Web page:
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The Daily Wildcat

The Daily Wildcat

 

    Not on a bike? Stay out of the bike lane

    Talyor Kessinger columnist
    Talyor Kessinger
    columnist

    To everyone who regularly blocks bike lanes: This is for you. Yes, I know your cell phone conversation is too important for you to be aware of those around you. I know you’re too special to mix with the lowly plebians on the pedestrian paths. I know your four friends absolutely have to walk in a single rank, blocking the entire lane. And I know you think it’s okay to act like a 4-year-old and not look before darting into a busy thoroughfare. But please, hear me out.

    Consider the possibility that perhaps someone needs the lane more than you do. Take into account the fact that you have wide swaths of unexplored pedestrian territory all to yourself whereas I’m confined to a very small spectrum of possible routes. Some places, like the Speedway Boulevard underpass to Fremont Avenue, don’t have lanes for us at all.

    And finally, remember that some of us simply need bicycles to get to our classes on time because three required 400-level math classes are one after the other and on opposite ends of campus. (No, I’m not bitter at all.)

    Add all of these things together, and it certainly seems like you have a duty to stick to the pedestrian walkways.

    Granted, few pedestrians are really that bad about it. But many contribute to the problem in small ways. And as someone who recently picked up bike riding, I can honestly say I’m scared as all hell to mount my bike between the hours of 10 a.m. and 1 p.m. as a direct result of the rudeness of some pedestrians.

    You, as a pedestrian, can look around, stop and start moving, and turn much more effectively than I can. Take advantage of these abilities to avoid cyclists at all costs. Cyclists are exponentially more likely to suffer nasty spills if we constantly have to weave and swerve to avoid careless walkers. And if we fail to avoid them, things only get worse for us: Bike-pedestrian collisions usually end with the cyclist at fault, thanks to the numerous “”YIELD TO PEDS”” signs around campus.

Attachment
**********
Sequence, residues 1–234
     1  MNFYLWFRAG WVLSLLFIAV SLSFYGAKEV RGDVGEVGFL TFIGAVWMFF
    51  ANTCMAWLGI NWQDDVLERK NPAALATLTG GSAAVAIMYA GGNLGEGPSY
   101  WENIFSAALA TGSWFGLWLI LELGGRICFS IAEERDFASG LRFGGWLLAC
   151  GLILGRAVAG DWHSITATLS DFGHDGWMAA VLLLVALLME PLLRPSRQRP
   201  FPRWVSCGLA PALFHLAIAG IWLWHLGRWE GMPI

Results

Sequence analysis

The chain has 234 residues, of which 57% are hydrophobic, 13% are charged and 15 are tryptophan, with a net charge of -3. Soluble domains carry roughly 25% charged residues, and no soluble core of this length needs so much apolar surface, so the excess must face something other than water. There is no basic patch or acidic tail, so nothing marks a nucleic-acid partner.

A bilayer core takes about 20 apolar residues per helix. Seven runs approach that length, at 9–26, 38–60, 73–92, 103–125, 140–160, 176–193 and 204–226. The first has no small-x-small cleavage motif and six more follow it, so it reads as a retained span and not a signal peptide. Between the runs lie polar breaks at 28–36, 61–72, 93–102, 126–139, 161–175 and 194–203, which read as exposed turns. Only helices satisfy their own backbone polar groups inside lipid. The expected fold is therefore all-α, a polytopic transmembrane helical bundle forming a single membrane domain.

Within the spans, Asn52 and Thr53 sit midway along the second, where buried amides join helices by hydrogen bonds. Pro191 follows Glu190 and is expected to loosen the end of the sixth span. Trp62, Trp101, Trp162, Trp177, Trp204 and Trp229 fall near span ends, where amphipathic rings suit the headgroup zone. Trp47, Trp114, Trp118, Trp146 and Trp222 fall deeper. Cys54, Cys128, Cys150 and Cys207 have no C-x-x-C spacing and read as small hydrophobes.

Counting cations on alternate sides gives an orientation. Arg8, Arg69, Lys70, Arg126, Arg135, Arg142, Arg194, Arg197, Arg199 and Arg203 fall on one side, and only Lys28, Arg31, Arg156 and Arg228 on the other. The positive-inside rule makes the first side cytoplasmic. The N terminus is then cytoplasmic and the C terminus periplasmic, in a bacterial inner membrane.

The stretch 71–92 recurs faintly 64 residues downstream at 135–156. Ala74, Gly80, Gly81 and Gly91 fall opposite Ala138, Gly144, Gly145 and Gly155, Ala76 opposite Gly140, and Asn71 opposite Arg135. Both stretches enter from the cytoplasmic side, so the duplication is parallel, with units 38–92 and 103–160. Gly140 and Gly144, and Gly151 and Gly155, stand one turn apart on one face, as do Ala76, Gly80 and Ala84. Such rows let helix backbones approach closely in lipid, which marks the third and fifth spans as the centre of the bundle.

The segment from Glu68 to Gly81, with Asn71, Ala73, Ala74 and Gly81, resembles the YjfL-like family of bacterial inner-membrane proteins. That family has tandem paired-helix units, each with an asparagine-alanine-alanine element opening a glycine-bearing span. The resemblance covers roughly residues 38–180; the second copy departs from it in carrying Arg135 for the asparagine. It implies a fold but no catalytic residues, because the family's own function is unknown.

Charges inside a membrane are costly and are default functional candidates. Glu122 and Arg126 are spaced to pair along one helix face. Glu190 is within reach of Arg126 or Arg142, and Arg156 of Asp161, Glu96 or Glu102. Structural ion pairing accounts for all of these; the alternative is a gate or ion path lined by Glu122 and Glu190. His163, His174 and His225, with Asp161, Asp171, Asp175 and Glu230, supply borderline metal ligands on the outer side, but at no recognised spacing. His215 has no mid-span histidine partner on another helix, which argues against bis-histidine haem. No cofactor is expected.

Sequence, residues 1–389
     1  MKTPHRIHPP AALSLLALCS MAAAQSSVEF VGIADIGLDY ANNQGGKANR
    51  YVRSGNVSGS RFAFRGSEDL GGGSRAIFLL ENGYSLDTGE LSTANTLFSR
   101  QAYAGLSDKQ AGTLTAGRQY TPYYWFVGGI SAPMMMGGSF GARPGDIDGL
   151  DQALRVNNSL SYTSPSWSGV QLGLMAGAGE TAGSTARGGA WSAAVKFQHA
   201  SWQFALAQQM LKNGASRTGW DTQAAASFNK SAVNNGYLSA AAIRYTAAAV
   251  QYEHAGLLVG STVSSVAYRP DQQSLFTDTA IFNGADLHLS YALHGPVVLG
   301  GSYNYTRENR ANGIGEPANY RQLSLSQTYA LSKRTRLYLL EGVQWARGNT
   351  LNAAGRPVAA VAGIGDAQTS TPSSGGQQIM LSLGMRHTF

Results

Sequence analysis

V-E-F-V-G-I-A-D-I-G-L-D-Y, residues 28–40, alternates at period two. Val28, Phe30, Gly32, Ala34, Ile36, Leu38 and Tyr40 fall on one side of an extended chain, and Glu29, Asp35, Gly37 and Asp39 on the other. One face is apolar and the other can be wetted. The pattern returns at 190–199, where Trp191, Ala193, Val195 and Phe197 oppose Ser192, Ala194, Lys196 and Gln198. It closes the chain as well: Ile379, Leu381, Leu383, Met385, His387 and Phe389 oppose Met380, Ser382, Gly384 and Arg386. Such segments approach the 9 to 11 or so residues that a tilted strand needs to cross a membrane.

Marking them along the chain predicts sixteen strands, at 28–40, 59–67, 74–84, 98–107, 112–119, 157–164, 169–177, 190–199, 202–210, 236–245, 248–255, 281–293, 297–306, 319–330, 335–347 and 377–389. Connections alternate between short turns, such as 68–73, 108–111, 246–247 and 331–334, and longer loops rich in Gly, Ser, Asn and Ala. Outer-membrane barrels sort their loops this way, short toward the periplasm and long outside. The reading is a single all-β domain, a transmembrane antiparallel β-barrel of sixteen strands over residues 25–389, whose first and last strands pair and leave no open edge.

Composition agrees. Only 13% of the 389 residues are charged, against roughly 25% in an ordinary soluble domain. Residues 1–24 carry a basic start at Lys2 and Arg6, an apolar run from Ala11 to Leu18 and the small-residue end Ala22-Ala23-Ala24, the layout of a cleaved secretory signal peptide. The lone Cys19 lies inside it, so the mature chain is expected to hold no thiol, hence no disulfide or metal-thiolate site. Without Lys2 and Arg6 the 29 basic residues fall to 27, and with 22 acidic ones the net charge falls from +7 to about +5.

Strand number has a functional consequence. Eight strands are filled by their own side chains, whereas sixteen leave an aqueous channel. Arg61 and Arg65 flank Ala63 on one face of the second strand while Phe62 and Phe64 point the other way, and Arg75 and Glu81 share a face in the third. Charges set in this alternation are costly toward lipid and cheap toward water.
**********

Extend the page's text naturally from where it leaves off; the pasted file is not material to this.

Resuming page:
Cyclists at the UA are in a precarious position. Motorists and pedestrians have all sorts of regulations to protect their rights, and in particular there are countless laws intended to protect those on foot from those on bikes. For example, there are designated “”walk your bike”” areas but no designated “”bike, don’t walk”” zones. That’s what a bike lane is supposed to be, but if that were the case, I wouldn’t be writing this column.

    Failure to respect the bike lanes ought to be tantamount to jaywalking. You wouldn’t take a leisurely stroll through the middle of a busy street – so why on earth would you do it in the middle of a bike lane?

    If there are any measures to protect bikers against pedestrians, I’ve neither heard of them nor seen them enforced. Search the Police Beat archives and see for yourself. But fines certainly should be implemented for pedestrians who walk in a bike path for any reason other than to cross as quickly as possible. It’s a necessary evil, and you know what they say about necessary evils: They’re necessary.

    If you don’t like the idea of a fine, then here’s a quick, clean algorithm you can follow to avoid invoking the ire of the thousands of cyclists on campus. Always look both ways to ensure no bike traffic is coming, and cross bike paths quickly to avoid us. It’s a surprisingly simple set of rules, and there’s no reason why you should fail to uphold them. At the very least, try. And should you fail to do so, be apologetic, not indignant.

    To paraphrase “”Boondock Saints,”” these are not polite suggestions. These are codes of behavior everyone can embrace. You are not 4 years old, and you are never important enough to neglect showing the courtesies that cyclists around you deserve. Bikers and pedestrians shouldn’t be at odds with each other; we should be uniting against our common enemy, the dreaded skateboarder.

    You know these things. Now it’s time to act like it and step off the bike path.

    Taylor Kessinger is a junior majoring in math, philosophy and physics. He can be reached at letters@wildcat.arizona.edu.

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